The Zombie Apocalypse lingers on
Turn off the zombie films and put down the post apocalyptic books —there’s plenty of gore happening in the real world.
Last May’s Miami zombie attack brought attention to a slew of other events that are straight out of the most graphic horror films and urban fantasy books. During the same month, a New Jersey man stabbed himself 50 times and hurled pieces of his own flesh and intestines at a S.W.A.T. Team before they were able to subdue him. A few weeks prior, a Louisiana man bit a chunk the size of a quarter out of a man’s face. A crazed New Haven woman jacked a wig from a store, and when confronted by the shop owner, bit a chunk from his arm and spit it in his face. In June, zombies invaded Miami once again when a 21-year-old man freaked out and tried to bite police officers.
Each of the suspects was believed to have taken bath salts.
While few, if any, noteworthy zombie films or post apocalyptic books point to hallucinogens as the source of an undead outbreak, the idea is entirely plausible. In fact, more so than even the most realistic zombie apocalypse works, from The Walking Dead and Dawn of the Dead to Zombieland and The Crazies (okay, ‘realistic’ may be a stretch, but you get the meaning). Either way, the incidents are more horrifying than what we’ve seen in the scariest horror movies.
While violent crimes occur in this country every day, what makes these attacks so horrific is their randomness. Except for the Louisiana man, whose victim was his ex-wife’s new husband, the acts were unwarranted and inflicted upon victims who’d never met their attackers. These attacks show that the “zombies” lost all control of their senses and were somehow transformed into hollow, soulless shells of human beings.
Are these events a true sign of the zombie apocalypse? Did the attackers read one too many science fiction and fantasy books and let them inspire their own neuroses?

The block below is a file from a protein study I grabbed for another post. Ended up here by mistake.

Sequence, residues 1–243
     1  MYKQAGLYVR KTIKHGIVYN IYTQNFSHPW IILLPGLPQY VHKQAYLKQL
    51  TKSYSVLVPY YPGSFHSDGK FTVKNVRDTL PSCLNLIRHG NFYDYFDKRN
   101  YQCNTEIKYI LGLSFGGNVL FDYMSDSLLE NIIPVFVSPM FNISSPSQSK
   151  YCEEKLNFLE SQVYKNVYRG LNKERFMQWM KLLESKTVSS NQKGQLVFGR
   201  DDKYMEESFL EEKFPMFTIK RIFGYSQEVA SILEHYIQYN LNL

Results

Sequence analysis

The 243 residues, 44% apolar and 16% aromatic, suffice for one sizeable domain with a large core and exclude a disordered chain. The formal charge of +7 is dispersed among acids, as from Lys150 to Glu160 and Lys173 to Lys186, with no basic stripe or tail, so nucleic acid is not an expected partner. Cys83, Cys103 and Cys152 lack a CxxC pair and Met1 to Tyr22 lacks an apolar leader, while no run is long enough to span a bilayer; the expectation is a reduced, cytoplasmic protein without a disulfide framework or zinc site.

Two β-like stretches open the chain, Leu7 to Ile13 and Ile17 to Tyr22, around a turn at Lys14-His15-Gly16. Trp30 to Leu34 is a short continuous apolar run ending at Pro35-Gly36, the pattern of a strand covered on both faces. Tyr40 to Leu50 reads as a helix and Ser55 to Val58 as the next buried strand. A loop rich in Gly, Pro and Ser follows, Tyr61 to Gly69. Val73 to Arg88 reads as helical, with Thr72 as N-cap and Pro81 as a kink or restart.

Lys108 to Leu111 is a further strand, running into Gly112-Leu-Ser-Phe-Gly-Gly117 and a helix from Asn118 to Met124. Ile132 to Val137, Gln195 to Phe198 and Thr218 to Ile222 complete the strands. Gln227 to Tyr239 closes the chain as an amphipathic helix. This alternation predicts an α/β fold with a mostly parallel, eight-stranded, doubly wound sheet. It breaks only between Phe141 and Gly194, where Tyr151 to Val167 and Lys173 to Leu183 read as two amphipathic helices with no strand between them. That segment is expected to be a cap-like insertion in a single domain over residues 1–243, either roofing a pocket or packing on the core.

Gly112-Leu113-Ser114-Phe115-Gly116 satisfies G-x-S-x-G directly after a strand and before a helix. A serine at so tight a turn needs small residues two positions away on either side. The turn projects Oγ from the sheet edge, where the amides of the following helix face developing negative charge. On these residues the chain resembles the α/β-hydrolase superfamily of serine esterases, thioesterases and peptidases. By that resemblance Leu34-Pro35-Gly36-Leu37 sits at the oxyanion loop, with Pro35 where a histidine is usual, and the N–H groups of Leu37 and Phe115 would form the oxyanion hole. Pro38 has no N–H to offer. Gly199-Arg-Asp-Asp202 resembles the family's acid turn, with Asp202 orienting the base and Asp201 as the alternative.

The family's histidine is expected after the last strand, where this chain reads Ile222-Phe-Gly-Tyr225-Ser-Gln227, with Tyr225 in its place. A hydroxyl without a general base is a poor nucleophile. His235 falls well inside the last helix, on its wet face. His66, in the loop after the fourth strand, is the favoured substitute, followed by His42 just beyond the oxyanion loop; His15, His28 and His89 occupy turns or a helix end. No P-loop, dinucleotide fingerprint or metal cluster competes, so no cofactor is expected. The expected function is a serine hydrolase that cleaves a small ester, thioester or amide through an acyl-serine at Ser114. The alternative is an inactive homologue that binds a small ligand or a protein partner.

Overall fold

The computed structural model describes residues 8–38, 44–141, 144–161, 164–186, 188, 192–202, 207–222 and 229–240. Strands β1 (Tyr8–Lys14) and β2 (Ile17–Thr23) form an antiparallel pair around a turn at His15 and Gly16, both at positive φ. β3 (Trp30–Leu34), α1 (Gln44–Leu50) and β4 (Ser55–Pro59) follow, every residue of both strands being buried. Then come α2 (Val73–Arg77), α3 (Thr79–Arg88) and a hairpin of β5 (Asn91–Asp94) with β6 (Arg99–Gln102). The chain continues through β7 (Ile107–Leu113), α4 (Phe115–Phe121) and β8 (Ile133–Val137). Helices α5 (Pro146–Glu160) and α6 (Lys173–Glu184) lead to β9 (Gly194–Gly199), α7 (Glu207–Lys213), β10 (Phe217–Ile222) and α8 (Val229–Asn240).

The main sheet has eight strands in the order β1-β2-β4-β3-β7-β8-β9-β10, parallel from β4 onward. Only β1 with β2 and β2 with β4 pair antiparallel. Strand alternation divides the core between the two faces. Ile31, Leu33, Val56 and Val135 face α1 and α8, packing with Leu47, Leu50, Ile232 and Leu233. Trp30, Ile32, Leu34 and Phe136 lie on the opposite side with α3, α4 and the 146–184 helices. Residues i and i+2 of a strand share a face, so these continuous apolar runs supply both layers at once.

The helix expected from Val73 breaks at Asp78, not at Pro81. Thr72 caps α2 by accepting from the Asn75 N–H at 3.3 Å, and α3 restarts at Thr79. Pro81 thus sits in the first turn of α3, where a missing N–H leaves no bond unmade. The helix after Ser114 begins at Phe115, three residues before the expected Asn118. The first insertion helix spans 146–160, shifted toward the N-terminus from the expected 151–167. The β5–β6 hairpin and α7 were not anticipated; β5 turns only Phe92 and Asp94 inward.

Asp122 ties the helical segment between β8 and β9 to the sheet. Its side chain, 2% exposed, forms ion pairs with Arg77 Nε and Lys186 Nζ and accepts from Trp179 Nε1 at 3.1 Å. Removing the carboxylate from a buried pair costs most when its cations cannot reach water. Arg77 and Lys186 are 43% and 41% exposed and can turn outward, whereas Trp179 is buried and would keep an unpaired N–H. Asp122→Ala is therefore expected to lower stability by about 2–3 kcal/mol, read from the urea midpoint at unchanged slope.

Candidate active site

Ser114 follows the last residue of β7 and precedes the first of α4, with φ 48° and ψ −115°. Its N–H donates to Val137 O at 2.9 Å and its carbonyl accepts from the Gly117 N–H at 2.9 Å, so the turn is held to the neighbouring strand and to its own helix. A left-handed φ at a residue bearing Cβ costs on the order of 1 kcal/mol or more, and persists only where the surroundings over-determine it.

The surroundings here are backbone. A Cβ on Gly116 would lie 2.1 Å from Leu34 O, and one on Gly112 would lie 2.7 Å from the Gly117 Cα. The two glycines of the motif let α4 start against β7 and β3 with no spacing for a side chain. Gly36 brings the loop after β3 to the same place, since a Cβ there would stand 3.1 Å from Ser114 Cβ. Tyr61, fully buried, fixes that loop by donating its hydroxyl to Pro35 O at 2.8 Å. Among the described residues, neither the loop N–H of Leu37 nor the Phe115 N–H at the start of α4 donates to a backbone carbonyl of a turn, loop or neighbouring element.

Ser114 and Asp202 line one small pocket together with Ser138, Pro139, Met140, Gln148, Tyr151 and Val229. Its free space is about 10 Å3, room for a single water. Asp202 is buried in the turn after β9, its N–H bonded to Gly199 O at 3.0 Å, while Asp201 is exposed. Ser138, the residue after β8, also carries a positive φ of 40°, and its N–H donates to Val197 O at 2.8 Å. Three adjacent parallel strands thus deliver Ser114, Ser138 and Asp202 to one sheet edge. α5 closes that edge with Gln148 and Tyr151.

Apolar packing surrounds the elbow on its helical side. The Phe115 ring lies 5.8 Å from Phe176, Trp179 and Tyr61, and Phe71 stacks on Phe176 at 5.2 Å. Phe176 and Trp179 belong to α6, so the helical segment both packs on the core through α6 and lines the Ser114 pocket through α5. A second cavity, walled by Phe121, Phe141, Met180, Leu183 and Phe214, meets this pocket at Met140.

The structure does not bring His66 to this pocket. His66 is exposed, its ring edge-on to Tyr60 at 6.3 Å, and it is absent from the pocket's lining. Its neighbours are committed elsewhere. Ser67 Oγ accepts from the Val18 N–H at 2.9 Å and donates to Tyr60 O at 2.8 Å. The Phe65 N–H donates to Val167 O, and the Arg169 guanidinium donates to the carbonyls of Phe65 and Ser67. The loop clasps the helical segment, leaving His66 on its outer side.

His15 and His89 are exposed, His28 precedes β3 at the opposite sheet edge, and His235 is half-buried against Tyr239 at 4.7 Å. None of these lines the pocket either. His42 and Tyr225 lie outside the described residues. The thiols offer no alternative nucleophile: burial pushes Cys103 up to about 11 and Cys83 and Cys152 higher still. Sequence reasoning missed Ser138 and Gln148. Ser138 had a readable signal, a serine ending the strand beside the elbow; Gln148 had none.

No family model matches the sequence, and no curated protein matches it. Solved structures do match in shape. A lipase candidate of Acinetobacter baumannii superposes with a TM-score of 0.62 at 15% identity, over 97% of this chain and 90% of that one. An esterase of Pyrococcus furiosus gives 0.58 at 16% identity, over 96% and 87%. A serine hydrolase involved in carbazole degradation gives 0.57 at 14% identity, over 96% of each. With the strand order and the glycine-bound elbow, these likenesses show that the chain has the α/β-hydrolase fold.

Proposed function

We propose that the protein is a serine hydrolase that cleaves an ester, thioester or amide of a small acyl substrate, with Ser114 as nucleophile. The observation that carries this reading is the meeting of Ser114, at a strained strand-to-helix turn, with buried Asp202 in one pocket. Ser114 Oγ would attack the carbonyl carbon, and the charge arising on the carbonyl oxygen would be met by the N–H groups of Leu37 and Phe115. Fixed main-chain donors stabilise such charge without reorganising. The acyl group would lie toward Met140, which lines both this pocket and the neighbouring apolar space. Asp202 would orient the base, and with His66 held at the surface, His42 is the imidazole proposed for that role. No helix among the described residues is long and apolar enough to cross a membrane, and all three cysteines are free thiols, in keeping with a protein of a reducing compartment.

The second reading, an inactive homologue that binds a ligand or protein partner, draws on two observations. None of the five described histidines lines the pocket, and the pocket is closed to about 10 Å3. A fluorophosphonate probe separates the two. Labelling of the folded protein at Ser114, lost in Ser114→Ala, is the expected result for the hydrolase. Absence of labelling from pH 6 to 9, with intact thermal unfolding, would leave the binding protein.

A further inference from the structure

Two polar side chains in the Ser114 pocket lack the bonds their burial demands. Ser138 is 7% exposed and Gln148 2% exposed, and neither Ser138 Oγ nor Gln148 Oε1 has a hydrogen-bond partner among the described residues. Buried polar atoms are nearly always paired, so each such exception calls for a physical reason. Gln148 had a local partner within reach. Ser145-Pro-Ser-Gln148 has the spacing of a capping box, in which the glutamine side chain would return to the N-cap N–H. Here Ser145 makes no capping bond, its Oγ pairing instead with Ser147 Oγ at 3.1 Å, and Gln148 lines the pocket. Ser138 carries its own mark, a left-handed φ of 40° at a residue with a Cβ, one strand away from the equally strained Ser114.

Zombies have existed since 1818, when Mary Shelley’s Frankenstein gained notoriety, and became truly popular when George Romero’s Night of the Living Dead was released in 1968. Over the last few decades, they’ve literally invaded pop culture with horror films like Evil Dead, Dead Alive, Dawn of the Dead and 28 Days Later. Series of urban fantasy books like Living With the Dead and apocalyptic books such as Dying to Live, The Host and The Zombie Survival Guide are finally taking attention away from bestselling paranormal romance books like Twilight, Fallen and Vampire Academy.
The fascination is turning into an obsession—the term “zombie apocalypse” has trended hard among search engines for almost two weeks. Even the CDC is in on the action, shamelessly promoting their guide to apocalypse preparedness. Does this mean it really is time to get that apocalypse survival guide together, learn hand-to-hand combat and book your room at a zombie safe house? Will the collective hysteria manifest a self-fulfilling prophecy for our country as a whole? Were the Mayans right to end their calendar on December 21, 2012 and was Nostradamus on point with his end-of-the-world predictions?
Only time will tell. In the meantime, distributors are liquidating bath salts at bargain basement prices, online retailers are raking in a fortune selling apocalypse supplies, and authors and filmmakers are rushing to release their latest zombie apocalypse projects while the market is ripe. Either way, it’s the end of the world as we know it.